Sheets of 6-membered rings with 2:1 layers
Talc71.2.1.3Mg3Si4O10(OH)2

List of minerals for each chemical element

HHydrogen
H TalcMg3Si4O10(OH)2
H HemimorphiteZn4Si2O7(OH)2 · H2O
CCarbon
C SmithsoniteZnCO3
C CerussitePbCO3
C CalciteCaCO3
OOxygen
O SmithsoniteZnCO3
O CerussitePbCO3
O CalciteCaCO3
O TalcMg3Si4O10(OH)2
O PyromorphitePb5(PO4)3Cl
O HemimorphiteZn4Si2O7(OH)2 · H2O
MgMagnesium
Mg TalcMg3Si4O10(OH)2
SiSilicon
Si TalcMg3Si4O10(OH)2
Si HemimorphiteZn4Si2O7(OH)2 · H2O
PPhosphorus
P PyromorphitePb5(PO4)3Cl
SSulfur
S SphaleriteZnS
S GalenaPbS
S PyriteFeS2
S GreenockiteCdS
ClChlorine
Cl PyromorphitePb5(PO4)3Cl
CaCalcium
Ca CalciteCaCO3
FeIron
Fe PyriteFeS2
ZnZinc
Zn SmithsoniteZnCO3
Zn SphaleriteZnS
Zn HemimorphiteZn4Si2O7(OH)2 · H2O
CdCadmium
Cd GreenockiteCdS
PbLead
Pb GalenaPbS
Pb CerussitePbCO3
Pb PyromorphitePb5(PO4)3Cl

Regional Geology

This geological map and associated information on rock units at or nearby to the coordinates given for this locality is based on relatively small scale geological maps provided by various national Geological Surveys. This does not necessarily represent the complete geology at this locality but it gives a background for the region in which it is found.

Click on geological units on the map for more information. Click here to view full-screen map on Macrostrat.org

Ordovician - Neoproterozoic
443.8 - 1000 Ma



ID: 3190671
Precambrian-Phanerozoic sedimentary rocks

Age: Neoproterozoic to Ordovician (443.8 - 1000 Ma)

Lithology: Mudstone-carbonate-sandstone-conglomerate

Reference: Chorlton, L.B. Generalized geology of the world: bedrock domains and major faults in GIS format: a small-scale world geology map with an extended geological attribute database. doi: 10.4095/223767. Geological Survey of Canada, Open File 5529. [154]

Early Ordovician - Cambrian
470 - 541 Ma



ID: 2980844
Stockbridge Marble (Including Inwood Marble)

Age: Paleozoic (470 - 541 Ma)

Stratigraphic Name: Stockbridge Marble

Description: White to gray, massive to layered marble, generally dolomitic but containing calcite marble in upper part, locally interlayered with schist or phyllite and with calcareous siltstone or sandstone.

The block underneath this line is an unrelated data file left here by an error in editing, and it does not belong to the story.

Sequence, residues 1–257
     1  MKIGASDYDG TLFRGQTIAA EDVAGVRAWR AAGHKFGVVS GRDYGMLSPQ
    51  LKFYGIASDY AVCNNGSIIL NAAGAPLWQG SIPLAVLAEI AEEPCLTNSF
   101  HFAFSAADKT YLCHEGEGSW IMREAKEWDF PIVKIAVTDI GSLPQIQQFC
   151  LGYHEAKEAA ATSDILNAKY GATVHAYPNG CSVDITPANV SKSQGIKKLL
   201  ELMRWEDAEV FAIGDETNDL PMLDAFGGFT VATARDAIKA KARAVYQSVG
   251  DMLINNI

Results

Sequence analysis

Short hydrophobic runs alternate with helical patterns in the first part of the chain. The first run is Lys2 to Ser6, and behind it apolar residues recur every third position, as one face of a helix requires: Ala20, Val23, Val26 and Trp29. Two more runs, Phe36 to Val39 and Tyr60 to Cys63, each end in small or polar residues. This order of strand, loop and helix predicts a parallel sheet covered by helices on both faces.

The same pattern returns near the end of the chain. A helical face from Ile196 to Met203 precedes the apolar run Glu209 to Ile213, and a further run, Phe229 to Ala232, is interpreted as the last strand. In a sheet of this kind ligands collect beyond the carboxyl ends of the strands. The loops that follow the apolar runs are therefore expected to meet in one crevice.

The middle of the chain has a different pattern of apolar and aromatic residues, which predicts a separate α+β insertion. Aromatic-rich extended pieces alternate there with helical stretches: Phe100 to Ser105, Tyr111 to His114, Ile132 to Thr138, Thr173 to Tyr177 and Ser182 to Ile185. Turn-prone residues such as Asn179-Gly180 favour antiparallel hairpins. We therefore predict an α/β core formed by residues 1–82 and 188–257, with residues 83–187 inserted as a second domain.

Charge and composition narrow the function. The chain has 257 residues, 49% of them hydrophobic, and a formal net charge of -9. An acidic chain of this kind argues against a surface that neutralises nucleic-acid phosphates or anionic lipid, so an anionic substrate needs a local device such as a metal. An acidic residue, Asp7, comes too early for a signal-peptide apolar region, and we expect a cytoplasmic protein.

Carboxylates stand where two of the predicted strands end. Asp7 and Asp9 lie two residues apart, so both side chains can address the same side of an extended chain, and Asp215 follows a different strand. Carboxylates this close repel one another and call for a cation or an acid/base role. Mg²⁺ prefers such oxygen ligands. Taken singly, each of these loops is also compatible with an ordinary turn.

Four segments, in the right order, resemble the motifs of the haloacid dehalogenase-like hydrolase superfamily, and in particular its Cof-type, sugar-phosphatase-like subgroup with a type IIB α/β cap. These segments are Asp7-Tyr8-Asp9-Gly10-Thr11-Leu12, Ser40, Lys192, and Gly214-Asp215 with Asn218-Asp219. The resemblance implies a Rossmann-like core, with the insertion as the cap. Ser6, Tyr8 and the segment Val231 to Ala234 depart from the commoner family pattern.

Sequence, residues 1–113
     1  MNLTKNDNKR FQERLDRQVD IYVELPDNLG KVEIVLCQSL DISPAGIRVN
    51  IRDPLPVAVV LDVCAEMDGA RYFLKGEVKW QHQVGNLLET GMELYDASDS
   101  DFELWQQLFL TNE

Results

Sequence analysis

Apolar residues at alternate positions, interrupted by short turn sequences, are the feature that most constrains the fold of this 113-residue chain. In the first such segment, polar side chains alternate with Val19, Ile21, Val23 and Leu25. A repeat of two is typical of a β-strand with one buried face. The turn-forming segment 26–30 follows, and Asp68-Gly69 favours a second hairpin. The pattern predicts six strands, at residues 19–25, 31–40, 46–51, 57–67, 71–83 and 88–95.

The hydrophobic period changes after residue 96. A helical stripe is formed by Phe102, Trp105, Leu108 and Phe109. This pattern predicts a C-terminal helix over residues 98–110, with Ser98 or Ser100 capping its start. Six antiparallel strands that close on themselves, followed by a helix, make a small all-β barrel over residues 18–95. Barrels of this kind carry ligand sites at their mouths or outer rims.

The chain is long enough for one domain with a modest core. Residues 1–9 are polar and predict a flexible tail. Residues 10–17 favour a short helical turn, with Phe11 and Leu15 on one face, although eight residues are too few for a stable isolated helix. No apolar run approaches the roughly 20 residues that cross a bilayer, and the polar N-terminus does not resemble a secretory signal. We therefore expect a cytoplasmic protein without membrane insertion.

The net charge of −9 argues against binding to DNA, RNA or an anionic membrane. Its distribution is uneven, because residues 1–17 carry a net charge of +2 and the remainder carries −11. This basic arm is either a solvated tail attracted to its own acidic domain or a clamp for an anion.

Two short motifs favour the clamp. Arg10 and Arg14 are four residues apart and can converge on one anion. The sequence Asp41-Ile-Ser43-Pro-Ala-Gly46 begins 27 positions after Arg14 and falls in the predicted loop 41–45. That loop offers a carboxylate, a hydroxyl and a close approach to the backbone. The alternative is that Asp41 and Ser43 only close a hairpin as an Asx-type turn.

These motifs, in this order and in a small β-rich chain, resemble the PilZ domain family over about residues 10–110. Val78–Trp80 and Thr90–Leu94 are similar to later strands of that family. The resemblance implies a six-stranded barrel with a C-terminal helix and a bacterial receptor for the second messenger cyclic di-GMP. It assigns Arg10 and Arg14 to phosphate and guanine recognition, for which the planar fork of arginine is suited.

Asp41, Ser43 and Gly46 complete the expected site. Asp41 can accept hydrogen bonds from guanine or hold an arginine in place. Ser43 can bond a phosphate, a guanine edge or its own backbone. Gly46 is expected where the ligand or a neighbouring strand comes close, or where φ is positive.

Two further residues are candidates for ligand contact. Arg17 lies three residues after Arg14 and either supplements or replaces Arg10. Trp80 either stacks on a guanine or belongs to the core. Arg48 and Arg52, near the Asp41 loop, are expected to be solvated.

Comments: Part of Western Uplands; Proto-North American (Continental) Terrane - Carbonate Shelf Original map source: Connecticut Geological and Natural History Survey, DEP, in cooperation with the U.S. Geological Survey, 2000, Bedrock Geology of Connecticut, shapefile, scale 1:50,000

Lithology: Major:{marble}, Incidental:{schist, phyllite, siltstone, sandstone}

Reference: Horton, J.D., C.A. San Juan, and D.B. Stoeser. The State Geologic Map Compilation (SGMC) geodatabase of the conterminous United States. doi: 10.3133/ds1052. U.S. Geological Survey Data Series 1052. [133]

Data and map coding provided by Macrostrat.org, used under Creative Commons Attribution 4.0 License

References

Sort by

Year (asc) Year (desc) Author (A-Z) Author (Z-A)
Shepard, Charles U. (1837), A Report on the Geological Survey of Connecticut. Hamlen, New Haven.
Pulsifer, William H. (1888), Notes for a History of Lead (NY, Van Rostrand): 78.
Schrader, Frank C., Stone, Ralph W., and Sanford, Samuel. (1917), Useful Minerals of the United States. U. S. Geological Survey Bulletin 624: 97-101.
Schairer, J. F. (1931), The Minerals of Connecticut. State Geological and Natural History Survey, Hartford Connecticut Bulletin 51.
Januzzi, Ronald E. (1959), The Minerals of Western Connecticut and Southeastern New York State. The Mineralogical Press, Danbury, Connecticut.
Schooner, Richard. (1961), The Mineralogy of Connecticut. Fluorescent House, Branford, Connecticut.
Januzzi, Ronald E. (1976), Mineral Localities of Connecticut and Southeastern New York State. The Mineralogical Press, Danbury, Connecticut.
Januzzi, Ronald E. (1994), Mineral Data Book - Western Connecticut and Environs. The Mineralogical Press, Danbury, Connecticut.